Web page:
PSP marches to the beat of a different drum and no other game illustrates that more than Patapon 3.
Less a full sequel than an extension of the previous game, new elements have been overlooked in favour of more content. Patapon 3 does nothing to mess with the rhythmic action of the previous two games, relying instead on the quirkiness of its musical gameplay to justify a third outing.
The face buttons once again serve as drums, with each button sounding a particular tone. 'Chaka,' 'pon,' 'don,' and 'pata' are tied to Triangle, Circle, X, and Square respectively. Instructing your cute army of characters to move and act involves tapping out a measure using these beats: for example, moving forward means tapping 'pata, pata, pata, pon,' or Square, Square, Square, Circle.
It's a mechanic unchanged from the last two Patapon games. A helpful bar along the bottom of the screen lists the various commands that can be entered, ensuring that if you've forgotten any of the basics you can glance below to get your bearings.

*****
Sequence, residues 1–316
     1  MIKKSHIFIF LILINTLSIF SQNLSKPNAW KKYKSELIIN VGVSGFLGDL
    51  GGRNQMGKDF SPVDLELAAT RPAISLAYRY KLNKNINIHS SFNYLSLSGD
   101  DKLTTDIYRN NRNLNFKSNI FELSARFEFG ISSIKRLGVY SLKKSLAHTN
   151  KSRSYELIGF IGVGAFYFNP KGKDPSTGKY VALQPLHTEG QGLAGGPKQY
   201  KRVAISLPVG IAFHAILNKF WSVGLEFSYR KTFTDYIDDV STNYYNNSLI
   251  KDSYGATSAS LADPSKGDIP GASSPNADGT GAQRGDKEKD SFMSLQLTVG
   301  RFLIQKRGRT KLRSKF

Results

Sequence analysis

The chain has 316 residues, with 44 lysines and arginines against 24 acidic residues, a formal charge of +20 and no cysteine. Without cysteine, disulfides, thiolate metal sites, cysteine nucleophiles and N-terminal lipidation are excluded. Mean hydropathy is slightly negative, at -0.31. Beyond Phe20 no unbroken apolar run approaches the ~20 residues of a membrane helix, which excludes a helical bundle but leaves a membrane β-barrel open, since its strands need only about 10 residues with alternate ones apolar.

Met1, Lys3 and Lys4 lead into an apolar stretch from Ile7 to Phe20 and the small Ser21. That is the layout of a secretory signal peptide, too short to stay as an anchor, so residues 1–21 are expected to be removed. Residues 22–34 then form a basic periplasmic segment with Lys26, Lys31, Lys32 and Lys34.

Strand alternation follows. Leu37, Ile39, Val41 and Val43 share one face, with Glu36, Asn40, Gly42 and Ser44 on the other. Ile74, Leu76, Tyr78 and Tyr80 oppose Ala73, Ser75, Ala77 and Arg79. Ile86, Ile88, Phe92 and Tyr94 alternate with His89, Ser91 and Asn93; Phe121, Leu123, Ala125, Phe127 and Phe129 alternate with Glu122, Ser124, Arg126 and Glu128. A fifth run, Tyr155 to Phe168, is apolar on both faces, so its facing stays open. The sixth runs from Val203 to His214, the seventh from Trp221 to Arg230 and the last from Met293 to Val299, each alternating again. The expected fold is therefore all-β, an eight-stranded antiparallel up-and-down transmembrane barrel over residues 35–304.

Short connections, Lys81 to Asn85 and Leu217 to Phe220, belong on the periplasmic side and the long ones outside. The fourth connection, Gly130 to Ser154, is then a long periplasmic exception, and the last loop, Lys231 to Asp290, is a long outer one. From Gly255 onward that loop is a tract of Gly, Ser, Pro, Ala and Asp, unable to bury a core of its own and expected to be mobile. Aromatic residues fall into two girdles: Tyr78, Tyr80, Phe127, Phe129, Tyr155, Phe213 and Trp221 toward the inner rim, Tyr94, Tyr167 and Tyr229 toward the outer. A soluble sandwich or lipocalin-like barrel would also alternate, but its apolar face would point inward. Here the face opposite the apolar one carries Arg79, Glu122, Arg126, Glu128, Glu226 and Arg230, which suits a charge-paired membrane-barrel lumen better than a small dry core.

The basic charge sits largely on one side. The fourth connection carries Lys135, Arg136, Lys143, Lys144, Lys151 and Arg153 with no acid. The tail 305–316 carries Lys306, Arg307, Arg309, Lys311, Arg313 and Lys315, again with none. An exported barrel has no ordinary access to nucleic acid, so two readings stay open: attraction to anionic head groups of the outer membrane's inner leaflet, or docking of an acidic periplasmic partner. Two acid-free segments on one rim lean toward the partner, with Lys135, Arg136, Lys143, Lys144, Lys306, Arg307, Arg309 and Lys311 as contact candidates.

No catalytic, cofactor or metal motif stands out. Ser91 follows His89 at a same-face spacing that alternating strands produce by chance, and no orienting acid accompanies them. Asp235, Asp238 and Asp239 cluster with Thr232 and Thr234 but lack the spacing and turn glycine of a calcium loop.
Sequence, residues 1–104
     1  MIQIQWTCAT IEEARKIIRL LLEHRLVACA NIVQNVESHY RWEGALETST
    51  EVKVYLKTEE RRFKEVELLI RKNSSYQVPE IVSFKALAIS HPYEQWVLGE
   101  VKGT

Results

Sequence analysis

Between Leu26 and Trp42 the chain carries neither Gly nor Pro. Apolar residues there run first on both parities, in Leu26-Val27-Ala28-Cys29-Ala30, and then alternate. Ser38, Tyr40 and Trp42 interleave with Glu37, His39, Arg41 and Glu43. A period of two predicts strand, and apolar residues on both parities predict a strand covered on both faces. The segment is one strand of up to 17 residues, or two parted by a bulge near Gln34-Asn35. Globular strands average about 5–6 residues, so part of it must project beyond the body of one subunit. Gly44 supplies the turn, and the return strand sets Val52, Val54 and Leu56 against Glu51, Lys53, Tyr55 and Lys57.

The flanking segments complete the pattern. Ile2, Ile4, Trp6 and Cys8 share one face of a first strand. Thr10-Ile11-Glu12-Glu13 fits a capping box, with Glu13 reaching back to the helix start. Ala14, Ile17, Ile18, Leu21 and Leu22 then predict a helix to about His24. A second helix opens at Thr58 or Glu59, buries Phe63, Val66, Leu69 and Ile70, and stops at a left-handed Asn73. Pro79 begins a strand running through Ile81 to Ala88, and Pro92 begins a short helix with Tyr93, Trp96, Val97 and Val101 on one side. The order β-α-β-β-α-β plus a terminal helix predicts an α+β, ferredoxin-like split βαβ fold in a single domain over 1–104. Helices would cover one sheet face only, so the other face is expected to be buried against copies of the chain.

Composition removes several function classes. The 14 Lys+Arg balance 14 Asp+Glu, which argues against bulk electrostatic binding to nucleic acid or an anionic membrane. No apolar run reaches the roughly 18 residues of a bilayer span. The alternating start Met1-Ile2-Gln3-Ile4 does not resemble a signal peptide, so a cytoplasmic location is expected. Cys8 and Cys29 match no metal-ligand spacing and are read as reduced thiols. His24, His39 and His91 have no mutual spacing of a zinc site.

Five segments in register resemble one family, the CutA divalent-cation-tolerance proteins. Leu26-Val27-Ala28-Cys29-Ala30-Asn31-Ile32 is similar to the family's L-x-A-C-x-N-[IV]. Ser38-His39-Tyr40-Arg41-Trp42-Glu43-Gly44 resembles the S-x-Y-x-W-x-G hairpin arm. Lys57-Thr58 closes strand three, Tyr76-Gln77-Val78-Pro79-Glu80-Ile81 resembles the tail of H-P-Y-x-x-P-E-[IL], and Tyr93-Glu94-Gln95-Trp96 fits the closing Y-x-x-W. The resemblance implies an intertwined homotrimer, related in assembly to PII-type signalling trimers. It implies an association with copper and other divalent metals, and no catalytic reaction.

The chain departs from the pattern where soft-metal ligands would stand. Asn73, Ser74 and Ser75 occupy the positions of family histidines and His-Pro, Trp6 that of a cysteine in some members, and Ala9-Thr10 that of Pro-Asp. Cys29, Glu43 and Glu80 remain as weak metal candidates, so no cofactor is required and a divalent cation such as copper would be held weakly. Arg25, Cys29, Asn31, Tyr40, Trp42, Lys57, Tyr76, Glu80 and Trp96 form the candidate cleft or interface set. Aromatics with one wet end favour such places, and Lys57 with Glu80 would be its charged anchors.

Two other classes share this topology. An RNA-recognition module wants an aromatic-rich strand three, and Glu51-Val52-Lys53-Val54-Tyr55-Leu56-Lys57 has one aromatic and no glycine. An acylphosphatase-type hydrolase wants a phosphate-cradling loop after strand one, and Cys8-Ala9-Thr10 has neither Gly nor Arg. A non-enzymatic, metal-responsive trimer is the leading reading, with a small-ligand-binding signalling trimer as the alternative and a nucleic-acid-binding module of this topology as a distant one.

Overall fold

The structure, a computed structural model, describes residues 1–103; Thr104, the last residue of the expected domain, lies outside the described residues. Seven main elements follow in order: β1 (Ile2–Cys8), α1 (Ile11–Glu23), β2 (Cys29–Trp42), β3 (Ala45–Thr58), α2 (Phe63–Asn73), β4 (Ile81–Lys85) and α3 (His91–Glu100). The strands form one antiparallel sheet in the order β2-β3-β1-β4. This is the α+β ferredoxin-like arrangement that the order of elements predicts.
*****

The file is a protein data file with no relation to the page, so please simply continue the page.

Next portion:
Testing these commands out was tough given the limited demo that provided access to just one co-op level entitled 'Field Quest.'
Unfortunately, the adjacent units weren't connected wirelessly and attempting the stage solo meant facing an overwhelming army of Bonedeth and Cyclops forces. It wasn't the best choice of stages to show off Patapon 3, particularly since it keeps much of the single-player campaign in the dark.
Across both single-player and multiplayer modes, you have access to equipment loadouts to boost attack and defence ratings for your hero units, as well as class-specific skills. As you complete levels and earn experience, you're able to acquire new skills along class lines.
The balanced Taterazay class, for instance, comes with a mix of offensive and defensive abilities unlocked via a evolution tech tree.
Jamming (buttons) to the oldies
None of these features are new to Patapon 3, though. The previous instalment introduced co-operative multiplayer and skill trees, while the first game allowed equipment customisation. In the admittedly short amount of time I spent with the game, I couldn't identify a single improvement or new feature.
This isn't to say Patapon 3 won't be enjoyable - the stylish presentation and catchy beats are unquestionably charming - yet a deeper look at the single-player game is needed to better understand what it brings to the series. Until then, I'll be keeping my excitement at bay.